Date: Tue Jul 15 1997 11:04
korondy Pls@Reply.Here>(Pls@Reply.Here):
George S. Cole ( 07:45 ) -- I liked your historical analogy. The same thing happened to B. Napoleon when he snatched defeat from the jaws of victory on the battlefields of Borodino ( just W. of Moscow ) at the hands of Marshall Kutuzov and the harsh Russian winter.

Here is the question: do the gold bugs/bulls have an army to field? I was just thinking how to explain to my ( as yet unborn ) grandchildren my lack of participation in the bull market of the century, and how I was invested in gold and gold mining shares during the final years of the raging paper bull... Where do we get the weapons and ammunition to mount a credible attack against the infidels intent on debasing the noble metal? Or do we just sit back and prey for a harsh winter of unparalleled discontent? ( I think it is coming anyway. The signs are everywhere: Russia, Thailand, Korea, LA longshoremen to name a few. )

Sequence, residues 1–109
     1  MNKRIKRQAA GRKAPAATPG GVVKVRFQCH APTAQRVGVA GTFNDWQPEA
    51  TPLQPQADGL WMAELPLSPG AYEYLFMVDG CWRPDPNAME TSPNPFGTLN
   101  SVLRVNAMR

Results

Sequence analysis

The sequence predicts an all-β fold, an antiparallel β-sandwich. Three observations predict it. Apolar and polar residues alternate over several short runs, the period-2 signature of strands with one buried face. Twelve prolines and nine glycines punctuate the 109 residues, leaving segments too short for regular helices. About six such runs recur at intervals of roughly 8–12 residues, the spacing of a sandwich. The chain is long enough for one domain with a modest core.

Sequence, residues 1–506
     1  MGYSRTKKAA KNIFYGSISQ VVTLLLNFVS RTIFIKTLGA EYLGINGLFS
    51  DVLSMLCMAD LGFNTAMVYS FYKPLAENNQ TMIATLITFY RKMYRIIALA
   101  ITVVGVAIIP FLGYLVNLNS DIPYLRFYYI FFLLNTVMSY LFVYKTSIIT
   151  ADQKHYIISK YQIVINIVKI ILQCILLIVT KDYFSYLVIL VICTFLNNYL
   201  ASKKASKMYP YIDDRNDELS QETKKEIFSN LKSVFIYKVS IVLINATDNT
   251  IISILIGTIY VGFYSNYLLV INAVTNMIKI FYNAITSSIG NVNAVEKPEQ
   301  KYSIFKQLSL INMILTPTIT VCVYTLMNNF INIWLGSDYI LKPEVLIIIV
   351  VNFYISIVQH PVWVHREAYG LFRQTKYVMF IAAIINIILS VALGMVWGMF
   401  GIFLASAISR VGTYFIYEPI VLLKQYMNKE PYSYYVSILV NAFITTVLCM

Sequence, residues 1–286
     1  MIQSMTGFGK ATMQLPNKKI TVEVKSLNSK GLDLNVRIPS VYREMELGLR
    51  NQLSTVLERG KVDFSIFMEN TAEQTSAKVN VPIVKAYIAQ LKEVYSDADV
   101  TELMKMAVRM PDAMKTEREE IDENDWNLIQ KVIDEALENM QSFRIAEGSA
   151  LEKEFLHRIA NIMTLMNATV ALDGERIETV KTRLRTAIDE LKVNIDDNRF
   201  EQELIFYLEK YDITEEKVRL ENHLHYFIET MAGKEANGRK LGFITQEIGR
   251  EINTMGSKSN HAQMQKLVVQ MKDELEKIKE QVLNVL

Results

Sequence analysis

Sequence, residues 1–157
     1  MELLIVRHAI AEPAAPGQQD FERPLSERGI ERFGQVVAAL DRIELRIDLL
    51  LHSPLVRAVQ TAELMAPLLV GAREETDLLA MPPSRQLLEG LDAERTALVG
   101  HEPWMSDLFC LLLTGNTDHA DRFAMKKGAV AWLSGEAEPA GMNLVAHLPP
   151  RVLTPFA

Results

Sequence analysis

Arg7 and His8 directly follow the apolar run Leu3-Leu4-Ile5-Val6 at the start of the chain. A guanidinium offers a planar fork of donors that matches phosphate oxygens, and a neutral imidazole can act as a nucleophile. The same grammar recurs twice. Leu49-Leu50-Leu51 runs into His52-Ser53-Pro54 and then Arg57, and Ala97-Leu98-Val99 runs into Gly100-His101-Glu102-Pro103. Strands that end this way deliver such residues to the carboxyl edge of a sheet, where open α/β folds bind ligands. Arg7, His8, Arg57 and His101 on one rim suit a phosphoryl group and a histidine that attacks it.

Please keep posting, I like the way you think.


Date: Tue Jul 15 1997 10:56
MoreGold @Mine closings>(@Mine closings):
Larryn: So far 1 large mine S.A. has announced its closing later this year ( didn't note the name ) and Royal Oak is also shutting one of its mines in Canada, directly citing the low price of Gold as the reason.
I will try to keep a list of closings as I see them announced.
Little doubt to me there will be more to come.


Date: Tue Jul 15 1997 10:52
Selby Toronto>(Toronto):
MoreGold: Long cash.


Date: Tue Jul 15 1997 10:48
MoreGold @Selby>(@Selby):
Selby, you must be short Gold ?


Date: Tue Jul 15 1997 10:46
MoreGold @Monitor>(@Monitor):
More evidence of record shorting of Gold.

Tuesday July 15 10:10 AM EDT